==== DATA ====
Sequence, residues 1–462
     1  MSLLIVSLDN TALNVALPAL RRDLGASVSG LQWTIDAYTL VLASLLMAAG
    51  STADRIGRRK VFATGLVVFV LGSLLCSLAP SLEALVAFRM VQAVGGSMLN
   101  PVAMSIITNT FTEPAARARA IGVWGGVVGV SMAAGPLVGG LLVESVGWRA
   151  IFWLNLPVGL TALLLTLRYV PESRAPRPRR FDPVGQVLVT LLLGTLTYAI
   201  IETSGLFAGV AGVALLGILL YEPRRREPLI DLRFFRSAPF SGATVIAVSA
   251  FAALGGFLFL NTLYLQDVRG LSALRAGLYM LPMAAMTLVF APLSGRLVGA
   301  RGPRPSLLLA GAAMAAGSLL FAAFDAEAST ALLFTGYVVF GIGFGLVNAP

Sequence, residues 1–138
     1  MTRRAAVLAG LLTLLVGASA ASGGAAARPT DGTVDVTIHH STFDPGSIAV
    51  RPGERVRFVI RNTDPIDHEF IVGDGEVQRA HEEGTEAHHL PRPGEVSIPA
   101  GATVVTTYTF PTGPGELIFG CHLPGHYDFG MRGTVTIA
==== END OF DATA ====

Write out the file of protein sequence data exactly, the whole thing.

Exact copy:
Sequence, residues 1–462
     1  MSLLIVSLDN TALNVALPAL RRDLGASVSG LQWTIDAYTL VLASLLMAAG
    51  STADRIGRRK VFATGLVVFV LGSLLCSLAP SLEALVAFRM VQAVGGSMLN
   101  PVAMSIITNT FTEPAARARA IGVWGGVVGV SMAAGPLVGG LLVESVGWRA
   151  IFWLNLPVGL TALLLTLRYV PESRAPRPRR FDPVGQVLVT LLLGTLTYAI
   201  IETSGLFAGV AGVALLGILL YEPRRREPLI DLRFFRSAPF SGATVIAVSA
   251  FAALGGFLFL NTLYLQDVRG LSALRAGLYM LPMAAMTLVF APLSGRLVGA
   301  RGPRPSLLLA GAAMAAGSLL FAAFDAEAST ALLFTGYVVF GIGFGLVNAP

Sequence, residues 1–138
     1  MTRRAAVLAG LLTLLVGASA ASGGAAARPT DGTVDVTIHH STFDPGSIAV
    51  RPGERVRFVI RNTDPIDHEF IVGDGEVQRA HEEGTEAHHL PRPGEVSIPA
   101  GATVVTTYTF PTGPGELIFG CHLPGHYDFG MRGTVTIA